Bill would let Nebraska farmers allow earlier deer hunting
Farmers who are tired of deer destroying their crops could get a new incentive to let hunters onto their land under a bill in the Nebraska Legislature, but some outdoors groups and state officials aren’t thrilled with the idea.
The proposal would create special permits for landowners to hunt deer up to a week before the official firearm hunting season starts, if they open at least half of their land to hunters during the regular season.
The idea arose from two related trends: a rising deer population in some areas of the state and a decline in land that’s available to hunters. Farmers who allow hunting on their property are increasingly selling exclusive access to wealthy hunters who pay thousands of dollars so they can bag a trophy buck.
“To me, it’s a win-win,’’ said Sen. Dan Hughes, a farmer from Venango. “It gives a little something to landowners who are suffering the damage (to their crops). And if they’ve already gotten their deer, they’ll be more willing to open the land to other hunters.’’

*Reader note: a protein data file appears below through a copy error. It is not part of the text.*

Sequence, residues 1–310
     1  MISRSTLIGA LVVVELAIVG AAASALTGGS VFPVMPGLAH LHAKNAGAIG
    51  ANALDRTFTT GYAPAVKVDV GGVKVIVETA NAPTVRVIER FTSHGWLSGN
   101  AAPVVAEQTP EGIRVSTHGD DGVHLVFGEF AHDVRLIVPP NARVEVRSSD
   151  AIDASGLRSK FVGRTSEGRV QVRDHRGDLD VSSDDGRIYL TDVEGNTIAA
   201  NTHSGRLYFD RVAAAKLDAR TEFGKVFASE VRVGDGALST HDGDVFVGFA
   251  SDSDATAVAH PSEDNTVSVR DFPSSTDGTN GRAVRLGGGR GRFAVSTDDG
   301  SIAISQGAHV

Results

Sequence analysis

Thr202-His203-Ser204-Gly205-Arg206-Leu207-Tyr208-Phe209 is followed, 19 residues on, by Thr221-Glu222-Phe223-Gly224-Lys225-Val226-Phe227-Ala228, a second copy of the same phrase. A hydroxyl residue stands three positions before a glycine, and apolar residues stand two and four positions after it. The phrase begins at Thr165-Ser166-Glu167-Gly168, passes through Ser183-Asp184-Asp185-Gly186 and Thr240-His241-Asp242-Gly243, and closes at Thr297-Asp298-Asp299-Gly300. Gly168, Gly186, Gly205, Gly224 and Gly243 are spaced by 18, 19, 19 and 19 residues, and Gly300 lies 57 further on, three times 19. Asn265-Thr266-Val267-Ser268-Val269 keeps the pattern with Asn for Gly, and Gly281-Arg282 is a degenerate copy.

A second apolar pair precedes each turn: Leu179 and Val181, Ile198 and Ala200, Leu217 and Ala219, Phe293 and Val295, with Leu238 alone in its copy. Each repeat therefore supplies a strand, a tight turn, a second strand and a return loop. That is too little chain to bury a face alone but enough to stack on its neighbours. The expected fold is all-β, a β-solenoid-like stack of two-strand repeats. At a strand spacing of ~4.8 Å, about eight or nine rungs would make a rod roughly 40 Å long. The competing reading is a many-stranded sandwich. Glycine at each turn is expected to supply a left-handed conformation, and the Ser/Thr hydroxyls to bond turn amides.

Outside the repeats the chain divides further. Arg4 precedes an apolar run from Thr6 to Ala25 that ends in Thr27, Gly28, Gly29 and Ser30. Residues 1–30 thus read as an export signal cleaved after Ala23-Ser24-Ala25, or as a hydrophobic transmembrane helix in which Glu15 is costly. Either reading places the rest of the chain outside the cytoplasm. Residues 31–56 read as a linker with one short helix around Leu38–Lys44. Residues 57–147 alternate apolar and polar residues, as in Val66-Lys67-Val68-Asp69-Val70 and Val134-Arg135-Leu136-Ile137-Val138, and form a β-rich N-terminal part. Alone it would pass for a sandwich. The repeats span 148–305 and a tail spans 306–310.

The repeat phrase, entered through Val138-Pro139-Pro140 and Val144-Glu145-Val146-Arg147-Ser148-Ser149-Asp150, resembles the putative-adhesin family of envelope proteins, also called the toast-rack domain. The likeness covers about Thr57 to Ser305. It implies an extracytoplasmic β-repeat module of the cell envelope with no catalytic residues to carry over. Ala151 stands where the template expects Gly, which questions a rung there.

Nebraska’s statewide deer population dwindled during a major disease outbreak in 2012, but their numbers are on the rise again. In southwest Nebraska, the disease had a much smaller impact and the local deer population has surged. Hughes said farmers in his district frequently complain to him that deer are eating and trampling on their crops.
“This bill would give the landowner a reason not to hate the deer so much,’’ he said. “They could take their grandson out hunting a week ahead of time.’’
The bill would provide up to four free permits per landowner.
The surge in deer aggravates farmers like 70-year-old Robert Forch, who grows corn, milo and wheat in southwest Nebraska’s Hitchcock County. Forch said deer destroyed about 20 percent of the crops in one of his fields in 2017 — a $9,600 loss — and caused substantial damage in others.
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